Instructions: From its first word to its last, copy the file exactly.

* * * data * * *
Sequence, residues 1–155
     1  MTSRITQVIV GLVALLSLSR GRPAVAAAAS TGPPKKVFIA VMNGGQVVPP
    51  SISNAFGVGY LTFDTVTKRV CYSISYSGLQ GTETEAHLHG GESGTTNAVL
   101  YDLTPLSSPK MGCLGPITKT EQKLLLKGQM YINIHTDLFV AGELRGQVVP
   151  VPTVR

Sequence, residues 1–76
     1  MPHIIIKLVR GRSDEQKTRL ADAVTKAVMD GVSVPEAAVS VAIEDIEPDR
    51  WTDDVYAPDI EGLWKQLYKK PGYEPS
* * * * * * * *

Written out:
Sequence, residues 1–155
     1  MTSRITQVIV GLVALLSLSR GRPAVAAAAS TGPPKKVFIA VMNGGQVVPP
    51  SISNAFGVGY LTFDTVTKRV CYSISYSGLQ GTETEAHLHG GESGTTNAVL
   101  YDLTPLSSPK MGCLGPITKT EQKLLLKGQM YINIHTDLFV AGELRGQVVP
   151  VPTVR

Sequence, residues 1–76
     1  MPHIIIKLVR GRSDEQKTRL ADAVTKAVMD GVSVPEAAVS VAIEDIEPDR
    51  WTDDVYAPDI EGLWKQLYKK PGYEPS